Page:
Wednesday, February 08, 2006

Gilligan's Island Theory of Ending Losing Streaks

"Losing is a disease, like gonorrhea or syphilis." - Sports psychiatrist from The Natural
Hello. My name is Pauly, and I'm a losing poker player. I try to make up my losses at the tables by betting on women's curling and short-selling the Malaysian stock market. My only solace is that the Winter Olympics are just around the corner, which means I get to clean up in prop bets against causal gamblers. I'll take action on any Olympic sport except figure skating. So fuckin' rigged, just like online poker.

I'm down 50% of my bankroll since Halloween. I took a hit in January. I didn't lose as much as I did the previous two months, but I also didn't play for nearly two weeks when I was working at the Borgata otherwise I would have lost more. In fact, the Borgata was the only place I won in over a month. I never had four losing months in a row. And I'm not going to start now. Whenever things get too freaky, you hunker down and go back to the basics.

ABC poker. No fancy play. By the book. What would Pablo do?

I reeled in the aggression. At the Borgata, a player named Action Bob mentioned how he rarely tries to read players at the tables. "It's all about the math."

Action Bob also plays a lot online in a void where there are no physical tells. He bases all those tough decisions strictly on math. If the numbers are in his favor he raises or calls. If it's not so favorable, he folds and waits for a better opportunity to get his money into the pot.

I tried to adhere to Action Bob's philosophy. It seemed so simple. I needed to eliminate my mind out of the decisions and act like a bot. Sometimes the ego takes hold and although the math dictates a fold, I call anyway because I "know that fucker is bluffing." That's the over-confident side of my personality where I think I can fly and read people's minds and sometimes dodge bullets.

Most of the time, I'm wrong and I bleed away a little more of my stack. I'm a mere mortal and my testicles are scarred with dozens of black and blue marks from when it was viciously attacked by an onslaught of suckouts and badbeats. Those are battle wounds that will never heal. Bankrolls will fluctuate. But my balls will never be the same.

The last few days ago I turned on my Action Bob bot and tried to clean up at the tables. I didn't win, but I didn't lose that much. I stopped the bleeding. Right now I just need to keep playing solid poker and have faith that the principles of mathematics will prevail. As longs as I get my money in the pot when I have the best hand statistically, I will win over the long run.

It's hard to keep reminding myself that everytime I cash out with less chips than I started with. Last year I had a conversation with F Train during one of our games at the Blue Parrot. He told me that he tracked all of his online hands and he had not gotten A-A in a ring game in over 2200 hands. You're supposed to get aces one in 220 or so. By his estimation, he should have has A-A no less than ten times.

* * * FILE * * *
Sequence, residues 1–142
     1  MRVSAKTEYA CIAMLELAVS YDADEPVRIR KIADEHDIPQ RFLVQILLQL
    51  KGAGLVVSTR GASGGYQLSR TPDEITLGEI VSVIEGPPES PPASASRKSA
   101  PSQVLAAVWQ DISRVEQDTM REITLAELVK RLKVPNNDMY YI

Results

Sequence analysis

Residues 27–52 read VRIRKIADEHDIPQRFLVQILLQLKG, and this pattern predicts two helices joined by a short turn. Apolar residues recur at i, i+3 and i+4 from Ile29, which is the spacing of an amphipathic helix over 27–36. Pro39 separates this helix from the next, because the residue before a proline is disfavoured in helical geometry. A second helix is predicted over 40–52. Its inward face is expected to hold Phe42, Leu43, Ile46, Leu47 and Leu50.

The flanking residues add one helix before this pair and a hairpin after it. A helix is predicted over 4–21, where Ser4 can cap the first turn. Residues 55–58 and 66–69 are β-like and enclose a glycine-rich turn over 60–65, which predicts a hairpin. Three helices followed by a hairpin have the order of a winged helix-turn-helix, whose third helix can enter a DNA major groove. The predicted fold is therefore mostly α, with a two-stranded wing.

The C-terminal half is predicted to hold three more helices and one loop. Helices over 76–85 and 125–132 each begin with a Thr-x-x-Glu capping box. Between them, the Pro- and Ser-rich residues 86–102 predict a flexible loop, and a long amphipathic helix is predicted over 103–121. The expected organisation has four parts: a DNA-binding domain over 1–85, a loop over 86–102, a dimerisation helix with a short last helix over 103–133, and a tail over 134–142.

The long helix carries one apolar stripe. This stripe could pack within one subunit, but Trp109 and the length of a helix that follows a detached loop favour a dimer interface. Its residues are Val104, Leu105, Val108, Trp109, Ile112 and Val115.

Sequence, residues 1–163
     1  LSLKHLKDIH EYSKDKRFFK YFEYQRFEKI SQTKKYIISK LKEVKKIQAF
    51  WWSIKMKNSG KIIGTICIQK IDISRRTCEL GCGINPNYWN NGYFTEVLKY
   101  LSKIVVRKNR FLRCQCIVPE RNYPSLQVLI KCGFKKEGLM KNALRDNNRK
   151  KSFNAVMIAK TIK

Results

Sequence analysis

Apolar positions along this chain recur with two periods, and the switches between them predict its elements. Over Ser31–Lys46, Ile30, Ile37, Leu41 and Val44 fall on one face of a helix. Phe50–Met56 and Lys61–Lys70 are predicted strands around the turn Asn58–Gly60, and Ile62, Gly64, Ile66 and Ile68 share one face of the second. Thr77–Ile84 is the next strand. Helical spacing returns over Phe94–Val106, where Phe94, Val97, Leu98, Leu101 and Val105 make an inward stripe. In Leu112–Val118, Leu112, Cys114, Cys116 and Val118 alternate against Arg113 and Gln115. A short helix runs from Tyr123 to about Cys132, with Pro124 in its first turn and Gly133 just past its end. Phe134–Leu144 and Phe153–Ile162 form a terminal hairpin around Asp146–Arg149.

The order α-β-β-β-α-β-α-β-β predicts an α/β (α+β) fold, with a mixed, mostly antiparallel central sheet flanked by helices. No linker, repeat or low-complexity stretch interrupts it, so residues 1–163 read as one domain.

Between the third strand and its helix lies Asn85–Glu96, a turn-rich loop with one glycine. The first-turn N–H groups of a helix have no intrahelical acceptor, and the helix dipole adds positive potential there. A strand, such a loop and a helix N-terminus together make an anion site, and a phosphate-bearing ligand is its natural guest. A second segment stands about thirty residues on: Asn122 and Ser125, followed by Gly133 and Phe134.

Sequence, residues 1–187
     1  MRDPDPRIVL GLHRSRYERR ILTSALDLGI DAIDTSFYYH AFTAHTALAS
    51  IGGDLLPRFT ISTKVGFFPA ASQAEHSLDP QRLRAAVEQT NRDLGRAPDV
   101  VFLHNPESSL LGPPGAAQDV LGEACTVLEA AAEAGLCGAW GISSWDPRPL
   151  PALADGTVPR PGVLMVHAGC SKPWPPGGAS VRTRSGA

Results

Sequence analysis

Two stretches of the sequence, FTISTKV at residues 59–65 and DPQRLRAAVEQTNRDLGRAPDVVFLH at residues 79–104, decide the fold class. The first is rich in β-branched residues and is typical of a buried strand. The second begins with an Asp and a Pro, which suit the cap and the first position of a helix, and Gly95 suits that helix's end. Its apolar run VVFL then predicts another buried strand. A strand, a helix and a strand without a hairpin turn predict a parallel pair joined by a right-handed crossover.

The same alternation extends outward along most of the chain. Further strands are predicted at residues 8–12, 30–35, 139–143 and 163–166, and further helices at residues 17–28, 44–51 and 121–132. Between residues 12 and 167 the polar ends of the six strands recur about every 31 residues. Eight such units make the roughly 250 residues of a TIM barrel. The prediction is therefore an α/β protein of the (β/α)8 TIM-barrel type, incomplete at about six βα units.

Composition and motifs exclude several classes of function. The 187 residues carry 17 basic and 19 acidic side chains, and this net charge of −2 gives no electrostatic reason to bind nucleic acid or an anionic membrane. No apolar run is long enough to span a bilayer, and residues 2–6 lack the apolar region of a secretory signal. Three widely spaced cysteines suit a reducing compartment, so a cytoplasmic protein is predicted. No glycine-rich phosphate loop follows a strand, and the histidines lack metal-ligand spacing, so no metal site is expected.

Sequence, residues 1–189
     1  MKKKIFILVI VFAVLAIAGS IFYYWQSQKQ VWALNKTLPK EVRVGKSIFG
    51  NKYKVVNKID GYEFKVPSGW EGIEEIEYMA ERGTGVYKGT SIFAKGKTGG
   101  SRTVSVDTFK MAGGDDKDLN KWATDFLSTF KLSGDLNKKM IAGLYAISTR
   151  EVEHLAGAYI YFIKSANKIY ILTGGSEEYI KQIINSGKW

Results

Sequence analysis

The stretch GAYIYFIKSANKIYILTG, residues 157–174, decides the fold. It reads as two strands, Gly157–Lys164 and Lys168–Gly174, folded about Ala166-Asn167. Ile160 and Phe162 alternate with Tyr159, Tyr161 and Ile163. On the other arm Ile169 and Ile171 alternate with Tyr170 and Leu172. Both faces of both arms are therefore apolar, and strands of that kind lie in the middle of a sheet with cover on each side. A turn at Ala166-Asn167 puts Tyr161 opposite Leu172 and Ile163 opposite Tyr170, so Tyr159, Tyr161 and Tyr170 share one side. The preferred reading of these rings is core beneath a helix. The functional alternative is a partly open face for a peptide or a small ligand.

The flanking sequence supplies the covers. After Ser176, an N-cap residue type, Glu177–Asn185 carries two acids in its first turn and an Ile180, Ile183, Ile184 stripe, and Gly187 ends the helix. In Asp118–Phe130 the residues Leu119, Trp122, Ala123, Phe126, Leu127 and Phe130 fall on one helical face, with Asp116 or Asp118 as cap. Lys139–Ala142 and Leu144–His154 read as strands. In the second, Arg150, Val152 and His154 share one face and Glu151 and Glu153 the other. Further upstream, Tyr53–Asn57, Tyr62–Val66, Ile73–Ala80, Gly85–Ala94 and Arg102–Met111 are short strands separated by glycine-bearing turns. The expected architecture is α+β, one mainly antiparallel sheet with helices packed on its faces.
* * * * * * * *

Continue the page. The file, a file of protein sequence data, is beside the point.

"You're due," I said trying to reassure him.

I'm due. I'm just waiting. Time to go back to guerilla poker. Hit and Run sessions. Sit down at a ring table, scoop a pot and bail. I've been trying to log long sessions and that's been killing me. How many times do you decide to leave and say, "Ah, one more orbit and then you take a big hit?" That happens to me all the time.

At the end of a two week writing binge, I printed up 130,000 words worth of text. It's one thing to read a manuscript on Word. It's a whole other thing to physically read a copy. I held the physical manifestation of two weeks of work in my hands. It's a sense of accomplishment. Although it wasn't perfect or far from being complete, it was the first time I saw my project as a whole. Just when I had doubts of whether I could pull it off, seeing hundreds of pages that I wrote was enough to inspire me to keep on moving forward with my goals and to complete the project.

That's tough to do with poker. I can look back on the first four weeks of 2006 but I can't physically see the results. And when you lose you feel hopeless about the money lost. Vanished from you pocket or from your bankroll. I used to think that the world was divided into good players and bad players. It's not. There are winning players and losing players.

I'm a losing player... over the past three months. Since the Summer of 2003, I've been a winning player.

Whenever I'm in a tough bind, I turn to television to solve my problems. This time I'll use Gilligan's Island to help pull me out of my losing streak.

Seven strangers stranded on a deserted island. Hilarity ensues. As much as they try to get off the island, they can't. The secluded island resembles the my current state of poker play. I'm trapped and can't get away from my losing mentality.

I realize that at some point, my poker play has taken on the personalities of everyone from the cast of Gilligan's Island.

The Skipper